Spreading Sulfate Particles into the Upper Atmosphere to Reduce Global Warming Poses threat for Tropics
It has been revealed by a study that the weather system in the tropics could be destroyed by the implementation of an idea by the father of the H-bomb to slow global warming by sowing the stratosphere with light-reflecting particles.
Northern Europe and parts of Asia are likely to be benefitted with the scheme, but rainfall around the equator will see disruptions. This increases the risk of drying up tropical forests in South America and worsening droughts in Africa and Southeast Asia.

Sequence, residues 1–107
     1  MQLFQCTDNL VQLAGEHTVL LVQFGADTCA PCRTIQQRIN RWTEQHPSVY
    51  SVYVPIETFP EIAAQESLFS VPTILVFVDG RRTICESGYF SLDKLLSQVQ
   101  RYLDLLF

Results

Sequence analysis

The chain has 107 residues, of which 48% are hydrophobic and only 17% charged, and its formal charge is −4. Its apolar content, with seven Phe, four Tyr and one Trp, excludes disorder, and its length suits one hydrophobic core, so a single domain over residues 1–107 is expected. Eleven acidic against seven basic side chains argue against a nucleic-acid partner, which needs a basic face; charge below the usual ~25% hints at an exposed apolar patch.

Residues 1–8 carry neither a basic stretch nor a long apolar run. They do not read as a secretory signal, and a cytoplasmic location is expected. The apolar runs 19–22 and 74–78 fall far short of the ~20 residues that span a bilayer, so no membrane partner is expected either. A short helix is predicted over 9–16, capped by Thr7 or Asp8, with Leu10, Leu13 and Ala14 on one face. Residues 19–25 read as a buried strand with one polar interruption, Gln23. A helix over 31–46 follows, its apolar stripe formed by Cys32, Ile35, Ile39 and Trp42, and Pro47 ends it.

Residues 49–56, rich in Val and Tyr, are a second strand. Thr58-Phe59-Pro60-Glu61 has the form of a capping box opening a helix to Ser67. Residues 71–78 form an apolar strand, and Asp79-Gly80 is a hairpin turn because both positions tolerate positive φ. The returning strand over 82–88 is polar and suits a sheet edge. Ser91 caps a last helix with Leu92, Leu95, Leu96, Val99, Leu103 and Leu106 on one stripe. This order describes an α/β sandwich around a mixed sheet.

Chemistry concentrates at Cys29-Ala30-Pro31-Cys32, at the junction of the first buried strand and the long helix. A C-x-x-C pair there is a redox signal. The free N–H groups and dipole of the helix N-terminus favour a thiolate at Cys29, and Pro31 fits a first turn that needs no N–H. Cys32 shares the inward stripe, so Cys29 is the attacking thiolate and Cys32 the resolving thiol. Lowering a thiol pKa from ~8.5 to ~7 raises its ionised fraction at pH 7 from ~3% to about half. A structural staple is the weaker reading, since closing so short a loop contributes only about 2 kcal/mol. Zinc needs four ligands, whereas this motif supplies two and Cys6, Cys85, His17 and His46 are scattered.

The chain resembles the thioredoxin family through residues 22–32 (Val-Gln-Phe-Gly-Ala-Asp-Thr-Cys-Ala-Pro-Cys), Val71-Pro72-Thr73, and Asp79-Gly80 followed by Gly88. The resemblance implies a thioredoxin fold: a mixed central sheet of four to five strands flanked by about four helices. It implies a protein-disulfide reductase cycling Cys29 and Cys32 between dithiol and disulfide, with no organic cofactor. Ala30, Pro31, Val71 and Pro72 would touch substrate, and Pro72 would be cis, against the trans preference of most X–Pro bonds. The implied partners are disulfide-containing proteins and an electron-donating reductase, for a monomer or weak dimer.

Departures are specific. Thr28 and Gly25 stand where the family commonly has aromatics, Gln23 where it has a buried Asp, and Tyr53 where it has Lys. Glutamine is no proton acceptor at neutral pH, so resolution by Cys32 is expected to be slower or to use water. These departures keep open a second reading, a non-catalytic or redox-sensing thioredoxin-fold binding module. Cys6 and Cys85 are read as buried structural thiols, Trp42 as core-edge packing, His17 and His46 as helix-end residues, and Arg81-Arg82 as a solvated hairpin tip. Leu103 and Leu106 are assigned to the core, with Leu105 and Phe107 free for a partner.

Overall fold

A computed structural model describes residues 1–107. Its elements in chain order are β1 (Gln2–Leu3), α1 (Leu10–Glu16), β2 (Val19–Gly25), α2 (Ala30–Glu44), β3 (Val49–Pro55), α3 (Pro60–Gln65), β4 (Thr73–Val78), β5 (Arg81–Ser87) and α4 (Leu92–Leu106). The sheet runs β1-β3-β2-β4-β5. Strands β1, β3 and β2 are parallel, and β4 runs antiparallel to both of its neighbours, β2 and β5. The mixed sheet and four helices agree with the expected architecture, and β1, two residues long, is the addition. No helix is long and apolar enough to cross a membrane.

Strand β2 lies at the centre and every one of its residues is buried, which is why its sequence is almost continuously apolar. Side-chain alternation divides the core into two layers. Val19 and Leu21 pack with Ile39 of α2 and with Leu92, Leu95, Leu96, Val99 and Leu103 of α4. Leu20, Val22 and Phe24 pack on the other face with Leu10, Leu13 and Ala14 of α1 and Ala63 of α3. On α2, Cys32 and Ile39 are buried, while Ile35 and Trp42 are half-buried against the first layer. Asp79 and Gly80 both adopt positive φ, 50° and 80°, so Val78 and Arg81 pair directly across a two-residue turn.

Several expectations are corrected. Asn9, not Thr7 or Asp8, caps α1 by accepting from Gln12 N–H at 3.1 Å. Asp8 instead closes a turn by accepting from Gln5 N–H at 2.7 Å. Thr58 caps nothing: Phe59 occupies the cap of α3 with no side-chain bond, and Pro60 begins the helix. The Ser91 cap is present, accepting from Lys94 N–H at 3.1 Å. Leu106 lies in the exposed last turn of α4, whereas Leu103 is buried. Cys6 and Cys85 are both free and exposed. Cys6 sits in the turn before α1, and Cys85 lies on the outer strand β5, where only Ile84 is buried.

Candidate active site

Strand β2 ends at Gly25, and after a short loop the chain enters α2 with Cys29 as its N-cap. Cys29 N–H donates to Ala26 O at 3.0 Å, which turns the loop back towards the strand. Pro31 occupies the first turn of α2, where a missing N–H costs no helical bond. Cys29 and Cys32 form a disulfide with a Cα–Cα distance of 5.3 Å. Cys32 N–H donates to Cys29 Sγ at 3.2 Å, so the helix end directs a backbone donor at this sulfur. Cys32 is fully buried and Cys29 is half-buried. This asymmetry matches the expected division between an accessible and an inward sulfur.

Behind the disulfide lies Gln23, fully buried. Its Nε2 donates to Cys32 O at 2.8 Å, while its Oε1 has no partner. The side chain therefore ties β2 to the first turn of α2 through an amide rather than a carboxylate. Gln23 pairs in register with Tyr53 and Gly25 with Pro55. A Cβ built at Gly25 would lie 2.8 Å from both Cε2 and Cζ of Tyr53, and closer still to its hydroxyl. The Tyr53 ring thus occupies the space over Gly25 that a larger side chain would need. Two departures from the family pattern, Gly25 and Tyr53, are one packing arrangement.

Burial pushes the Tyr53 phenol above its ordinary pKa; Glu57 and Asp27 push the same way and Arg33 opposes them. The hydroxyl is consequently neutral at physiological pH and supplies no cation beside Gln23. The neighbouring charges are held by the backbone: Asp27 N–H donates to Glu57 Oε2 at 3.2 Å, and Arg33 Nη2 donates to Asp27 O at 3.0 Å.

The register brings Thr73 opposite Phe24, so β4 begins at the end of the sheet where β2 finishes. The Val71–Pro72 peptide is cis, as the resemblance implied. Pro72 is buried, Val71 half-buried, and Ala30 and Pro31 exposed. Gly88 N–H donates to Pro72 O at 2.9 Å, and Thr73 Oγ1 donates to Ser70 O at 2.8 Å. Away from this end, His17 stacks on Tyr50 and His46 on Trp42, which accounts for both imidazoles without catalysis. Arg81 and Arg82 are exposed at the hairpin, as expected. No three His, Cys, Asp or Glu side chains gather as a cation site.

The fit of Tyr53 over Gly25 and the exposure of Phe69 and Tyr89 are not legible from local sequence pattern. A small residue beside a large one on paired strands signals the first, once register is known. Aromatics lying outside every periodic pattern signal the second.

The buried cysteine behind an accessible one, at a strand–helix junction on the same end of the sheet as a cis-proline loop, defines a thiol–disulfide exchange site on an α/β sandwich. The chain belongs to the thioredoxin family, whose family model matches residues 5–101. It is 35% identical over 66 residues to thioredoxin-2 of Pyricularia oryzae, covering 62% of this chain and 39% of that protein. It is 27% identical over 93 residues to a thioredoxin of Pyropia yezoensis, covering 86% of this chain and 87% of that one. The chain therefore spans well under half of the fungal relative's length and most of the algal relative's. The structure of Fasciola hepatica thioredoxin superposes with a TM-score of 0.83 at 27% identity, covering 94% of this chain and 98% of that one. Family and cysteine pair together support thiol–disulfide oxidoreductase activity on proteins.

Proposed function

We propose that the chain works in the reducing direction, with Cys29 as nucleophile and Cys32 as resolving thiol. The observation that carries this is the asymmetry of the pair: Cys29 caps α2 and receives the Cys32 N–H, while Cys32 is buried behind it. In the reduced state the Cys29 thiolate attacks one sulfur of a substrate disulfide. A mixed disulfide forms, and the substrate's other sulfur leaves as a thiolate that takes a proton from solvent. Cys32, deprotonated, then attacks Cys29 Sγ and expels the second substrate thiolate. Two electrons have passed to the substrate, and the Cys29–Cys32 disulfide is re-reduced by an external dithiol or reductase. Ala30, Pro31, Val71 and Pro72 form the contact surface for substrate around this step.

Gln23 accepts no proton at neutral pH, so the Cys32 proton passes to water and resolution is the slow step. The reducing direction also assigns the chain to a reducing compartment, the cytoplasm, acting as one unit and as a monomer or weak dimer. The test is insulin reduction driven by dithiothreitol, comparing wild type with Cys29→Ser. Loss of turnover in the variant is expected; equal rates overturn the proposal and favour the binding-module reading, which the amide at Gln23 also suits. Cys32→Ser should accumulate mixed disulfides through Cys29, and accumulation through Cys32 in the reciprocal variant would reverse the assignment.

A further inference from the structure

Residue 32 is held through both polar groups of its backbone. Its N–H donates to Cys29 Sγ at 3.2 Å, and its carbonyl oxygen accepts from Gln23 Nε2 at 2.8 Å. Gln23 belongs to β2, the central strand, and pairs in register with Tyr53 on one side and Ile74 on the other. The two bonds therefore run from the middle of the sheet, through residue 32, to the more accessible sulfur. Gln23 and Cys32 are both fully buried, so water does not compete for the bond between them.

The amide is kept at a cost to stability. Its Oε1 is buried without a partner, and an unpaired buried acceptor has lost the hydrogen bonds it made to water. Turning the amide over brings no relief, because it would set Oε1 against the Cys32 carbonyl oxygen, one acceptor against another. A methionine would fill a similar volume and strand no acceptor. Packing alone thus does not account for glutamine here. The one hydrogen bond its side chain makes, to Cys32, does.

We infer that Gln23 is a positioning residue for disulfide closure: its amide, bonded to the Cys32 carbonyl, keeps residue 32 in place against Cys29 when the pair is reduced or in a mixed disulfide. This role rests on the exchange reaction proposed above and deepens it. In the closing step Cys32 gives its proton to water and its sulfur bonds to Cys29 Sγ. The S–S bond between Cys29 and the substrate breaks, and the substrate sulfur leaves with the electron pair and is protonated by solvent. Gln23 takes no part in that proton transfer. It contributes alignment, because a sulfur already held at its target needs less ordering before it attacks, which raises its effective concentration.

Andrew Charlton-Perez, a meteorologist at Britain's University of Reading, said that there are huge risks associated with this kind of geo-engineering. US nuclear physicist Edward Teller and other scientists gave suggestions in 1997 about spreading sulfate particles into the upper atmosphere in order to reflect some sunlight back into space to reduce the Earth-warming greenhouse effect from fossil fuels.
It was revealed in a paper by the British scientists that warming could be reversed, but it would take a staggering volume of particles, called aerosols. Findings were published in the journal Environmental Research Letters.
"To reduce global temperatures enough to counter effects of global warming would require a massive injection of aerosol", said Angus Ferraro at the University of Exeter, south-western England.
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